Of the three main types of urinary incontinence, only urge incontinence benefits from prescribed medications.
Although there are a variety of medications available, the most widely used are anticholinergics. These work by suppressing bladder contractions and delaying your urge to urinate.
Some side effects can include dry mouth, constipation, blurred vision and palpitations. However, some newer anticholinergics are said to have fewer adverse effects.
Your doctor may suggest anticholinergic medications be taken in conjunction with bladder training. The combination of these techniques with incontinence medication provides the best option for managing, and possibly preventing, further occurrences of urge incontinence.
Bladder (detrusor) muscle contractions are essential for normal urination, but involuntary contractions produce the symptoms of an overactive bladder. These contractions are dependent on the activation of muscarinic receptors in the bladder by a chemical known as acetylcholine.
Anticholinergic drugs block muscarinic receptor activity and block the spontaneous detrusor contractions found in an overactive bladder. Effectiveness is dose-dependent, but is often limited because the drug also affects other organs. Consequently, side effects can include dry mouth, dry eyes, confusion, constipation, drowsiness, blurred vision and increased heart rate.
Currently, anticholinergic drugs which solely select the muscarinic receptors in the detrusor are unavailable. To improve the benefit/side effect ratio, newer anticholinergic drugs have been developed with greater selectivity for the detrusor muscles and with extended release properties.
Do anticholinergics work?
The ability of anticholinergic drugs to reduce bladder contractions has been well established and documented. The Cochrane Collaboration* has extensively studied anticholinergic therapy in randomised placebo-controlled trials. Of the 51 studies involving 6,713 patients, the effect of anticholinergics was found to be 15% greater than placebo (Kuteesa and Moore, 1996).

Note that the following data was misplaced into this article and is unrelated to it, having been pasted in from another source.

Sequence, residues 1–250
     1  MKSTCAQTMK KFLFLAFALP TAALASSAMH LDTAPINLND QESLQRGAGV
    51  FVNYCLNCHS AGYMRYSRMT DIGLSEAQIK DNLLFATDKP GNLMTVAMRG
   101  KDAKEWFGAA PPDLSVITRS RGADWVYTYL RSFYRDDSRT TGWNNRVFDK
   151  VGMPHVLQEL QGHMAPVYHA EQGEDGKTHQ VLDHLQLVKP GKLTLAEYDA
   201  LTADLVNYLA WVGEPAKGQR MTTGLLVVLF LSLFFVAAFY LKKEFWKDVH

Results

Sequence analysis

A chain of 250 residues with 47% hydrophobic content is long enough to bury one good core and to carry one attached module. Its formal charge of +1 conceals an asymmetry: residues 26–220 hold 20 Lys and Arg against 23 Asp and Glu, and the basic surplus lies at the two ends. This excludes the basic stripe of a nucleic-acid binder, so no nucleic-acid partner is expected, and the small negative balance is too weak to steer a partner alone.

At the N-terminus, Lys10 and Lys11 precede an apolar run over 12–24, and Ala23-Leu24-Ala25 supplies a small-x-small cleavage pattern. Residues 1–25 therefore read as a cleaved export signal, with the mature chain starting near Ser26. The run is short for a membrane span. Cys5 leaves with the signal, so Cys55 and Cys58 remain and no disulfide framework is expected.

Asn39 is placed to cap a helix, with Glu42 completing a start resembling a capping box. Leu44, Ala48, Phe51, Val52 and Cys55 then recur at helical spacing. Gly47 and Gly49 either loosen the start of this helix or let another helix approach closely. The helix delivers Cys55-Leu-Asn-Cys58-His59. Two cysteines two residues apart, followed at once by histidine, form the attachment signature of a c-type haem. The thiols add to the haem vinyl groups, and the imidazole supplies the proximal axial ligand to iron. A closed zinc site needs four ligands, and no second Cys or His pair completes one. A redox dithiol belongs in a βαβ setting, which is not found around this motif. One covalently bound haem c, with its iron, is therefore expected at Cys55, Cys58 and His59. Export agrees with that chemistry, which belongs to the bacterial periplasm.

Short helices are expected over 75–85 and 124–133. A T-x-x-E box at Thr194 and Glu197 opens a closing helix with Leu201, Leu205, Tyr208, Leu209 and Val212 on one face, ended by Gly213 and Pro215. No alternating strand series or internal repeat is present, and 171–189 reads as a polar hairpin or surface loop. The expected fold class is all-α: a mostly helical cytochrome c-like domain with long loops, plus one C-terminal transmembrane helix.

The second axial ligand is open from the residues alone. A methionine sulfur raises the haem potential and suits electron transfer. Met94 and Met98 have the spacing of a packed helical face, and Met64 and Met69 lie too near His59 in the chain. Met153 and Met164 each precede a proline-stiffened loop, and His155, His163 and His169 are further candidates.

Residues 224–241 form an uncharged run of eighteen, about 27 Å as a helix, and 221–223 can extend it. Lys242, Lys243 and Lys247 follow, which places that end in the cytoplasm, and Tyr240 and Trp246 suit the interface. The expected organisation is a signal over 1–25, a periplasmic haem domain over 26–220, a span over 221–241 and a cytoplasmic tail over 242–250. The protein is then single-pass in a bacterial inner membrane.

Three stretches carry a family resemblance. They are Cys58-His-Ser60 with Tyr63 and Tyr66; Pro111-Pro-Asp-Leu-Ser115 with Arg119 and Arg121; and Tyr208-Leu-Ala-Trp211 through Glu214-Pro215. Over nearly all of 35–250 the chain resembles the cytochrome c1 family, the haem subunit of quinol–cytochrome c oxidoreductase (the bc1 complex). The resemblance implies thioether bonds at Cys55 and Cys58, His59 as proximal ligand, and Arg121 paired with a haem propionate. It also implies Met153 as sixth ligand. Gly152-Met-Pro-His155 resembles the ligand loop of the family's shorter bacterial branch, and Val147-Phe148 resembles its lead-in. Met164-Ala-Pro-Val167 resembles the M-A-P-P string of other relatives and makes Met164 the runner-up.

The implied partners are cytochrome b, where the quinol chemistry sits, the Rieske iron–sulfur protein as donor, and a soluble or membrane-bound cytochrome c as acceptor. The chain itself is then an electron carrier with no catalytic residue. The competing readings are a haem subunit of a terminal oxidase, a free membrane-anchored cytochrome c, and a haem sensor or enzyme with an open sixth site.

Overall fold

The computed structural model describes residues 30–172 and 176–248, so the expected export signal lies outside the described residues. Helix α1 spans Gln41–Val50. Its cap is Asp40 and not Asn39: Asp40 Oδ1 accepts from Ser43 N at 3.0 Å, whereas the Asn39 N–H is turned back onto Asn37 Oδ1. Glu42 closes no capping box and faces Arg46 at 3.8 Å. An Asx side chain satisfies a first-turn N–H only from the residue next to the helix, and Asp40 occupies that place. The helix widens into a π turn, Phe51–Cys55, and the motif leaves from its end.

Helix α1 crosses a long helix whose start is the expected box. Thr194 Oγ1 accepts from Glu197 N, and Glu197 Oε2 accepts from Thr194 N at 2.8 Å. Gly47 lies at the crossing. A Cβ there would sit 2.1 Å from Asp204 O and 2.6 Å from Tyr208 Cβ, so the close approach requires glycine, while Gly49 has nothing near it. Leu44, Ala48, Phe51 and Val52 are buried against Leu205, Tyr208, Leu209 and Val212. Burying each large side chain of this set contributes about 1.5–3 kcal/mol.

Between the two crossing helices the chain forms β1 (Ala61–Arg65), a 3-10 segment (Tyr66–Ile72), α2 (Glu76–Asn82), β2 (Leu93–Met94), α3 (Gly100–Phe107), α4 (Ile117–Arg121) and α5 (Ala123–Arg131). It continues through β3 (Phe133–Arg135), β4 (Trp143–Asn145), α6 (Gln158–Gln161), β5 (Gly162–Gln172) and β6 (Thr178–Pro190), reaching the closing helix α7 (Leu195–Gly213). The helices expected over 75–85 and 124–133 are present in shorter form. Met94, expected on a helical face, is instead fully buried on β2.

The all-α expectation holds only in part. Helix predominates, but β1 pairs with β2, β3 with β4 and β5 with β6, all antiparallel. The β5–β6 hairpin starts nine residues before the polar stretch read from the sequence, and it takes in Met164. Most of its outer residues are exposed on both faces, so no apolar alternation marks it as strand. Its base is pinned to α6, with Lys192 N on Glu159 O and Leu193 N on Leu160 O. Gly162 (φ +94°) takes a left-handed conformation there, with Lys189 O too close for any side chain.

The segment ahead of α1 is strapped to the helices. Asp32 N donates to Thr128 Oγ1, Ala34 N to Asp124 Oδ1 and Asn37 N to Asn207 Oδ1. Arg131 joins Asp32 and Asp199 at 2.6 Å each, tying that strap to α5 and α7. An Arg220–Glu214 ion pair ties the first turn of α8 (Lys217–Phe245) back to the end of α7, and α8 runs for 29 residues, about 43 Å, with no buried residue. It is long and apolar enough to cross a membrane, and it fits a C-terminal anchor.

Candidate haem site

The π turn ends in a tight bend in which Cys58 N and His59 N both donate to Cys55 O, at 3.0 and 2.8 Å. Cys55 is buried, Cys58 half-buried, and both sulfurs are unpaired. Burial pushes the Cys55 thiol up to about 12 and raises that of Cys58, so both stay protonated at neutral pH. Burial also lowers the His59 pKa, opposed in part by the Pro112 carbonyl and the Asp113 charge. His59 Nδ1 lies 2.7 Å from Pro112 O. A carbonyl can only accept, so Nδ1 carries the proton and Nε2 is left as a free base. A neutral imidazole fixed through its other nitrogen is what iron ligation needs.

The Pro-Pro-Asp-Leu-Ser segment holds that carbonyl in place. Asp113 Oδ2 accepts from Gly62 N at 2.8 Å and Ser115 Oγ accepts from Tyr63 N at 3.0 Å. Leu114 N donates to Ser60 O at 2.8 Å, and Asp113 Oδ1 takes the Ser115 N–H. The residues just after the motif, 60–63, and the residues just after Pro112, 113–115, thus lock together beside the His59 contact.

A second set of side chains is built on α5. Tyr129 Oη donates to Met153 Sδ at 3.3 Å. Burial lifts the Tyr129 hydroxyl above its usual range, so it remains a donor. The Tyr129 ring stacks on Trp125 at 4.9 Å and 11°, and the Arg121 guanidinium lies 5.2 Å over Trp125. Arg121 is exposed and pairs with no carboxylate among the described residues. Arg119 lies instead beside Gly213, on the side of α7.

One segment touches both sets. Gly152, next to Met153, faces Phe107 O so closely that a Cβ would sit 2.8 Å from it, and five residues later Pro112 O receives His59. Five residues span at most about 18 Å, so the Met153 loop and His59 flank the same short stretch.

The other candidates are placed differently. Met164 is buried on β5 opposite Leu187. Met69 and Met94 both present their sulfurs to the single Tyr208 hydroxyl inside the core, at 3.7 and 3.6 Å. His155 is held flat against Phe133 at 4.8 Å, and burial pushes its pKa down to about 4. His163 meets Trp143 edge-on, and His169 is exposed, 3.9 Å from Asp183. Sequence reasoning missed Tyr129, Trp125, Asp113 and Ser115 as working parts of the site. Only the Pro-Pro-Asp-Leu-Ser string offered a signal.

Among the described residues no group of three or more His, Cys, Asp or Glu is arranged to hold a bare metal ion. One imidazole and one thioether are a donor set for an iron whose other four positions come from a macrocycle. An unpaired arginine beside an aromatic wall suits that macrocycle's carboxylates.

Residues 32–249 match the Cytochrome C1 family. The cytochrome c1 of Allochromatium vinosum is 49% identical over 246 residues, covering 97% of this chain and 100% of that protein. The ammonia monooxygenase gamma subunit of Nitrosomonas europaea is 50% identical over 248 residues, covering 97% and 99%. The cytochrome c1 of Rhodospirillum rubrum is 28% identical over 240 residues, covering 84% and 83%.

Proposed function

What are the different types of anticholinergics?
There is no clear indication as to which anticholinergic drug is superior in effectiveness. Depending on particular symptoms, each of these incontinence medications affects people differently. You should consult your doctor to determine the best treatment for you.
The following drugs have been approved for use in the treatment of urge incontinence.
Oxybutynin is relatively inexpensive and the most widely prescribed anticholinergic medication for urge incontinence. Studies have shown a major improvement in 60% of patients (Kuteesa and Moore, 1996). A major side effect is dry mouth with greater than 50% discontinuing the medication because of this side effect. This is primarily because anticholinergics also affect other organs including the salivary glands.
Propantheline is an old drug that is still widely used in Australia and is around 60% of the cost of oxybutynin (Kuteesa and Moore, 1996). A synthetic analogue of atropine, it blocks muscarinic receptors throughout the body. However, propantheline’s side effects are quite severe and quite substantial.
Imipramine is a tricyclic antidepressant with beta 3 mimicking properties that relax the dome of the detrusor (bladder muscle), but with significant anticholinergic effects. Drowsiness is a common side effect, especially in the first three weeks of therapy while your body gets used to the drug. Because of this, Imipramine is useful in treating nocturia or nocturnal enuresis.
Tolterodine is an anticholinergic specifically developed to treat overactive bladder. It’s similar in its effectiveness to oxybutynin, with the latter being slightly better on some outcomes such as incontinence episodes over a 24 hour period. Tolterodine halves the incidence of dry mouth compared to oxybutynin.
Trospium is a non-selective anti-muscarinic drug as effective as oxybutynin, but with a lower incidence of adverse side effects (similar to tolterodine). A feature of trospium is that its structure has limited penetration of the blood-brain barrier which is thought to reduce adverse effects on the central nervous system. As such, it is considered especially beneficial for elderly patients.
Darifenacin is a muscarinic receptor antagonist. It targets M3 receptors in muscle tissue and as a result relaxes muscles in the bladder. Some patients still develop dry mouth and constipation as M3 receptors are also present in the gut.
Solifenacin is a also muscarinic receptor antagonist. It works by blocking the action of certain chemicals in the body to help decrease urination problems caused by overactive bladder. Solifenacin is more selective for bladder tissue than for salivary glands and subsequently has a lower incidence of dry mouth.
Extended-release formulations of oxybutynin and tolterodine are also available. These slow-release, once-daily and convenient medications provide a constant low dosage and are thought to counter any adverse anti-muscarinic events.
*International not-for-profit organisation preparing, maintaining and promoting the accessibility of systematic reviews of the effects of health care.
Kimberly-Clark makes no warranties or representations regarding the completeness or accuracy of the information. This information should be used only as a guide and should not be relied upon as a substitute for professional medical or other health professional advice.
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